Combining multiple lifestyle behaviours into one protective lifestyle behaviour score indicated an additive relationship between healthy behaviours and mental health. There was a strong trend of decreasing psychological distress corresponding with an increasing number of protective lifestyle behaviours. The more health promoting behaviours reported, the better the reported mental health outcomes were. These results were in line with previous research that utilized protective lifestyle scores and examined their relation to depression (Harrington et al. 2010). The present study adds substantial information about the application of PLB scores not only as an important correlate of affective disorders, but also of anxiety and stress, as well as of life satisfaction, a positive facet of psychological wellbeing. Also in line with other large-scale surveys on different lifestyle factors and mental health outcomes, the proposed associations were mostly statistically significant, although the overall effect sizes were small (Herring et al. 2010; Molarius et al. 2009).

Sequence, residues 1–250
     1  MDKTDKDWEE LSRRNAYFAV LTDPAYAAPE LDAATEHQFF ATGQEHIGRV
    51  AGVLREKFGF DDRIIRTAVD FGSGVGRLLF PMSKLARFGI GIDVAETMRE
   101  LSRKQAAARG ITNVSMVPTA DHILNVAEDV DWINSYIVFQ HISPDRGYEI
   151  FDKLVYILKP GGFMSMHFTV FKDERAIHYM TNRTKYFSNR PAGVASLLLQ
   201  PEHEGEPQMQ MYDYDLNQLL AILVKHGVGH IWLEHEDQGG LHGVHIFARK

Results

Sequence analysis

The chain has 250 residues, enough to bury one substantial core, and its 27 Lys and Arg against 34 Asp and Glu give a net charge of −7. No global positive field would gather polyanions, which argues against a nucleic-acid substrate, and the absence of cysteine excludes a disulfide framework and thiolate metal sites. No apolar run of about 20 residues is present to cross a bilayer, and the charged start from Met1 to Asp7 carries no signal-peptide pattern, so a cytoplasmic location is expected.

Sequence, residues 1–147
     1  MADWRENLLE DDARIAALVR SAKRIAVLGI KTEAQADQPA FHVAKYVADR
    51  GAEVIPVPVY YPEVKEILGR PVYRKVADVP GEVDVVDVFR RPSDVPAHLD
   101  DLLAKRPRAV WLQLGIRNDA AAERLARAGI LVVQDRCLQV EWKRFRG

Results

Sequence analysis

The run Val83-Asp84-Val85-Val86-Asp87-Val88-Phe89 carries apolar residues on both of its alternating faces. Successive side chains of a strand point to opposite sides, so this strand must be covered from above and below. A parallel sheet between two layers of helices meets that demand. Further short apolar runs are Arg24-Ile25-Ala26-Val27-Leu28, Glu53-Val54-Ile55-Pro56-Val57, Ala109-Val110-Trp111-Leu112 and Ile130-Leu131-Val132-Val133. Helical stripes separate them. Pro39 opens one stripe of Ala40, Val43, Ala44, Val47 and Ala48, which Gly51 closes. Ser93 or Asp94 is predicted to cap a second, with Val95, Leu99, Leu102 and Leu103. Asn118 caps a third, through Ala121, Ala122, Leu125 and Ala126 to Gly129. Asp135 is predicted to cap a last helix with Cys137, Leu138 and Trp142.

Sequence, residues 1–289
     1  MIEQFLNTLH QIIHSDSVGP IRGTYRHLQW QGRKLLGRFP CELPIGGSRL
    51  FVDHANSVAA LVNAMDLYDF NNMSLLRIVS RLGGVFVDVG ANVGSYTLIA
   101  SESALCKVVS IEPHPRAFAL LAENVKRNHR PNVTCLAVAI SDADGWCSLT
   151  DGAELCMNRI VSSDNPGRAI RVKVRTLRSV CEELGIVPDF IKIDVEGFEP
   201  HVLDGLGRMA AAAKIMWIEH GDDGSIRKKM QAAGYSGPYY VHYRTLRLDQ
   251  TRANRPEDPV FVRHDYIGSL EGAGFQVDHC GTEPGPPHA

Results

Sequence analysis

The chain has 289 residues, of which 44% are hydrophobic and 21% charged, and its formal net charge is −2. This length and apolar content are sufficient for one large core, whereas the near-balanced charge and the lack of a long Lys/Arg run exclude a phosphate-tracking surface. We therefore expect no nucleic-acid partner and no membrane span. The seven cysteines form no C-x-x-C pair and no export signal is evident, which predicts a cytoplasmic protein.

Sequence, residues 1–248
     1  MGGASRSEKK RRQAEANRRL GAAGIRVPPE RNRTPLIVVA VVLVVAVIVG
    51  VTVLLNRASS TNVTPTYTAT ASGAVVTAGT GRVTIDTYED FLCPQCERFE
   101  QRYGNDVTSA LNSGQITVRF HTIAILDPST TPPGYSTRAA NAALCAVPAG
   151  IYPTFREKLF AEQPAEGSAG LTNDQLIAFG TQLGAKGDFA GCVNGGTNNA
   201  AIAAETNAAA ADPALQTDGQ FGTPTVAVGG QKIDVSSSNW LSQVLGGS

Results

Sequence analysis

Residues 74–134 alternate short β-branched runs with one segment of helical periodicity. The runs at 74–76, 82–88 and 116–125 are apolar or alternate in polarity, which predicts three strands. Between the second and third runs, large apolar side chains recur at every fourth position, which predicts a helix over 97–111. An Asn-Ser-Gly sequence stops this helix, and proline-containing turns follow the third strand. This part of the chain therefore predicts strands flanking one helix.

Another interesting finding concerns the meaningful associations between all four mental health outcomes and some sociodemographic factors. While age and gender were significant predictors of depression and stress, educational level showed significant associations with all outcomes and marital status was associated with life satisfaction, depression, and anxiety. Our analyses showed that higher education and being married were associated with better mental health as compared with lower education or being single or divorced. Effect sizes for these sociodemographic variables were comparable to effect sizes of the proposed lifestyle predictors. Meta-analytic results suggest that this is not an incidental finding, but reflects actual associations. An aggregation of 51 studies revealed that individuals with low socioeconomic status, often also operationalized through the level of education, had higher odds of being depressed (odds ratio = 1.18, p < .001) compared to persons with high socioeconomic status (Lorant et al. 2003). The association between marital status and mental health has also been documented, with lower rates of anxiety and depression prevalent in married individuals compared or divorced/widowed persons (Afifi et al. 2006; Holt-Lunstad et al. 2008). Generalizability and external validity were assured via the utilization of a large population-based representative sample and validated measures for both lifestyle and mental health. The observed effect of data assessment methods on mental health outcomes might seem surprising, but it also reflects existing research. The substantial differences between different data assessment methods and mental health were not expected, but seem to be very relevant not only as a limitation to our findings, but also as an important research question. The presented data definitely suggests careful consideration of data assessment methods, as differences between online, telephone and face-to-face interviews were obvious, with online surveys resulting in higher reporting of psychological distress compared to personal or telephone interviews [unpublished data]. To this point, it is unclear if the higher levels of distress reported in self-administered surveys reflect an over reporting of symptoms by the participants, or indicate a greater openness to revealing substantial psychological distress due to the higher perceived anonymity of the setting.